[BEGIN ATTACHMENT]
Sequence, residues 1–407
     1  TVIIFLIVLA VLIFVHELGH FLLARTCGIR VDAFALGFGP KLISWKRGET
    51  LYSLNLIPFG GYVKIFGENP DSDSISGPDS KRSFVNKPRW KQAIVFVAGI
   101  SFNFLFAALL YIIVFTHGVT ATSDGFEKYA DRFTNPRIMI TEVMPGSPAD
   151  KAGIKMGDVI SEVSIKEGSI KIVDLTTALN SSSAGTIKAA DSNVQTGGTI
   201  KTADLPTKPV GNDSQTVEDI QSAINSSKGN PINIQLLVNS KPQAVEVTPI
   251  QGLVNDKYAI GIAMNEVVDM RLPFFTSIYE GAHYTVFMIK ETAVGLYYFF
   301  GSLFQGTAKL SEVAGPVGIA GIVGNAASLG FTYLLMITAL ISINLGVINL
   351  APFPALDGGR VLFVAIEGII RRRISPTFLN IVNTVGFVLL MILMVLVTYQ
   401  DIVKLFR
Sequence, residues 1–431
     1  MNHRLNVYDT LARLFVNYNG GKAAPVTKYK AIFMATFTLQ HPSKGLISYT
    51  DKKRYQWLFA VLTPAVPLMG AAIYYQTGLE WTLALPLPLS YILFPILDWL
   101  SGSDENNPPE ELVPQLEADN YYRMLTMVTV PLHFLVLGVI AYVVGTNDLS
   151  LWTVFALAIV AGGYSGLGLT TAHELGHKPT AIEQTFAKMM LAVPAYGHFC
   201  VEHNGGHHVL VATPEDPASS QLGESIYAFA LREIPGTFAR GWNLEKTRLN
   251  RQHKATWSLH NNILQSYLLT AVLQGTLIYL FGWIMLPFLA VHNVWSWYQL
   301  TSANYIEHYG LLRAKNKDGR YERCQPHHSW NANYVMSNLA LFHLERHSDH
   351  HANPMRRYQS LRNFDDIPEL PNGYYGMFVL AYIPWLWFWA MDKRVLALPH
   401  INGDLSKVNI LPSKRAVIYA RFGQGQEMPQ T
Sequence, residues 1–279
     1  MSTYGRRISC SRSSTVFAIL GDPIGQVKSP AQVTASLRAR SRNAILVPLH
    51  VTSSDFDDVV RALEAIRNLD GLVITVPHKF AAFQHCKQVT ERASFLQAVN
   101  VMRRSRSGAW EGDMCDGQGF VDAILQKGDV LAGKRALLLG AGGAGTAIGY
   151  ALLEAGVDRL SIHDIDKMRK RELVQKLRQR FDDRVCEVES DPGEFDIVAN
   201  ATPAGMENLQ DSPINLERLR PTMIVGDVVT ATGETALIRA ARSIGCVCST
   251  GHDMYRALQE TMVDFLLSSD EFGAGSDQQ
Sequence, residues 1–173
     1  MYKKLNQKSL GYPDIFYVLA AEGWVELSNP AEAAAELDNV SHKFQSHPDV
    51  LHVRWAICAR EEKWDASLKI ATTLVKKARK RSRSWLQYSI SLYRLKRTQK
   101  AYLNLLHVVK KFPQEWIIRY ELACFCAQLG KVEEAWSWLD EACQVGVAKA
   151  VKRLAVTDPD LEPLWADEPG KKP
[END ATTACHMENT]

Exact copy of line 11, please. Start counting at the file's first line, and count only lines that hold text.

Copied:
Sequence, residues 1–431